Like so many other deeply religious young men obsessed with fighting an ideological war, his mind was skittering.
So the eye, skittering across the water, leaps promptly and cleanly to blue ranges by the Sound, a couple of miles away.
skittering images of her zipped through his mind, only to be shoved aside.
With a swish he is gone, and unless I hear the skittering of tiny feet a rod away I may not tell in what direction or how.
It was a tatterdemalion array that he had conjured into conclave with his skittering whoop along the hill-tops.
The tiny life-raft dropped toward it, skittering nervously as it hit the thin atmosphere.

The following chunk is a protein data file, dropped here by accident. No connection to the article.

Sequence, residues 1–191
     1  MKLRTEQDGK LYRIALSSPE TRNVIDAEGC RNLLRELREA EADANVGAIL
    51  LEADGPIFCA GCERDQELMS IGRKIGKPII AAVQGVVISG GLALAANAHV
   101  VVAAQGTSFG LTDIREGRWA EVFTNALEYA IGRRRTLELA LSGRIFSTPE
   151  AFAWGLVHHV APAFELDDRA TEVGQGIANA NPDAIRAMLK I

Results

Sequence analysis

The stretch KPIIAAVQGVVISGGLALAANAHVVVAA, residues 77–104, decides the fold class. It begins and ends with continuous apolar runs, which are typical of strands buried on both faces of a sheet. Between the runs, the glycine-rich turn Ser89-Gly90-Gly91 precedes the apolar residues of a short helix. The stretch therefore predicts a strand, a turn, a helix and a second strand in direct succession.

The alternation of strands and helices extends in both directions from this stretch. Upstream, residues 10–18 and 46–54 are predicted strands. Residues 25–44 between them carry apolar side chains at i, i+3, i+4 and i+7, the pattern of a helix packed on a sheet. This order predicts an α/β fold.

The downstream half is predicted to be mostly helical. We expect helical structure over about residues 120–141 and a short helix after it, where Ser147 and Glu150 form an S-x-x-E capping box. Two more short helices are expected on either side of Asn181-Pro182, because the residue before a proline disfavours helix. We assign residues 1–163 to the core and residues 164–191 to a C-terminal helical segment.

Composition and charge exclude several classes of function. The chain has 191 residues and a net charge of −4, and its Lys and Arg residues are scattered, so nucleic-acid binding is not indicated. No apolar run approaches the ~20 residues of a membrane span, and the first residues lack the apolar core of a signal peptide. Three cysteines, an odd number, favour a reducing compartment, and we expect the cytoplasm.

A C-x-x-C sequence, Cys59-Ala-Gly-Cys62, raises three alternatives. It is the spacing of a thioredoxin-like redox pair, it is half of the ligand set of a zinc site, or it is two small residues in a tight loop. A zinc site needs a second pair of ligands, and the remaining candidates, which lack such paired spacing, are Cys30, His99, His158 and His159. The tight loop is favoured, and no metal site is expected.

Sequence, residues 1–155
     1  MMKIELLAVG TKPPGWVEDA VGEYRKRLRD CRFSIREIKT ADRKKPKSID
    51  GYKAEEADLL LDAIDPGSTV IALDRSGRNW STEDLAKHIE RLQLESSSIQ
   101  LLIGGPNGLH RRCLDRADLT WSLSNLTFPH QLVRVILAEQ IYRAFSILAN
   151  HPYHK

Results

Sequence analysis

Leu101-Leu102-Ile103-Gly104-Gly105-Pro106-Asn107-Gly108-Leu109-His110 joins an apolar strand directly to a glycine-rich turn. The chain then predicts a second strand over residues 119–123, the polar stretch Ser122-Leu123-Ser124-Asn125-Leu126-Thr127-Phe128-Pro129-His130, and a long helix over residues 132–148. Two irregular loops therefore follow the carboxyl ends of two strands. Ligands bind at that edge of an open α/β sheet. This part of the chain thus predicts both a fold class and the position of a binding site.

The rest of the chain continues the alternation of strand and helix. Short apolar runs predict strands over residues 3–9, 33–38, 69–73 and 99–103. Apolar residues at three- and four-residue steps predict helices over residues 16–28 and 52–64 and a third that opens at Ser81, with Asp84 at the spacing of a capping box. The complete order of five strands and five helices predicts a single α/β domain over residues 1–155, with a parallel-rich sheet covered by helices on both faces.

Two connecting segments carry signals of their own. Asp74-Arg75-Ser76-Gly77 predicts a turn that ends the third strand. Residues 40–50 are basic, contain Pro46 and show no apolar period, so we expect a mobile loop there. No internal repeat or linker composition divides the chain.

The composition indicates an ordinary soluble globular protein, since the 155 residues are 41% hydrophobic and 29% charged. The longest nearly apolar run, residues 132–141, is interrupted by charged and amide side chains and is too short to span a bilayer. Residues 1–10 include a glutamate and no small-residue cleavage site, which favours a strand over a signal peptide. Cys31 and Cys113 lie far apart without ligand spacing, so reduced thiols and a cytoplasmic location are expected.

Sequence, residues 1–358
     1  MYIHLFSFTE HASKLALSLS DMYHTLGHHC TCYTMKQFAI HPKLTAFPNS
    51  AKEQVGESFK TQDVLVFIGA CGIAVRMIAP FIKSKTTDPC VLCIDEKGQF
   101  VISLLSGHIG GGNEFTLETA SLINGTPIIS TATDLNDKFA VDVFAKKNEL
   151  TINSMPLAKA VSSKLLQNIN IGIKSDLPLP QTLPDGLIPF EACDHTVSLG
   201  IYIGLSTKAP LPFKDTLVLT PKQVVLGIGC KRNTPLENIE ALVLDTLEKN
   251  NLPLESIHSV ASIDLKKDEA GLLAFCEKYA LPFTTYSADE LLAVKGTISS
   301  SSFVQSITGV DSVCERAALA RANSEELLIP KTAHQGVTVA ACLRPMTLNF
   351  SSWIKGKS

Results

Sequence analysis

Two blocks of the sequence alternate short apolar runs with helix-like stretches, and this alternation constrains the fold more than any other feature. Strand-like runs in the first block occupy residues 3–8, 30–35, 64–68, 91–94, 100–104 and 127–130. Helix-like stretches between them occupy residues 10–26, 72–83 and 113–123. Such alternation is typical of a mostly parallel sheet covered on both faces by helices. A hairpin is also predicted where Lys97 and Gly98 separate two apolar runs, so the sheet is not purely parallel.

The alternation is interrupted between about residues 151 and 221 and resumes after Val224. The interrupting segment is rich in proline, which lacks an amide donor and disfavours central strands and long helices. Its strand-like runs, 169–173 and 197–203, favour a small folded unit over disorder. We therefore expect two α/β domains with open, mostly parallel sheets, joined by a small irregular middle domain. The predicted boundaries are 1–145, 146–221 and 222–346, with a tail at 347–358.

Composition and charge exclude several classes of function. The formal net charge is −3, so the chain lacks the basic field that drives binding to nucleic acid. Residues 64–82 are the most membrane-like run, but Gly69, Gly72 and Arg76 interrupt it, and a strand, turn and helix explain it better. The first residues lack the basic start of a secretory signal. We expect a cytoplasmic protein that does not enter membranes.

It was a shame that Devore kept him skittering round on little picayunish jobs—running errands, that was really what it was.
Up came a big flounder, which was skittering about, the next moment, in the bottom of the boat.
Pop made his way toward it in the skittering, skating gait one uses in one-sixth gravity.
The shout sent Prince Machiavelli skittering up to Rick's neck and down inside his shirt.
"to run rapidly," 1845, frequentative of skite "to dart, run quickly" (1721), perhaps from a Scandinavian source (cf. Old Norse skjota "to shoot, launch, move quickly, avoid (a blow)," or Norwegian dialectal skutla "glide rapidly"); see skittish. As a noun from 1905.
To move about rapidly; scamper: where the poor skitter around the doll's house on the hill like so many rats among garbage (1845+)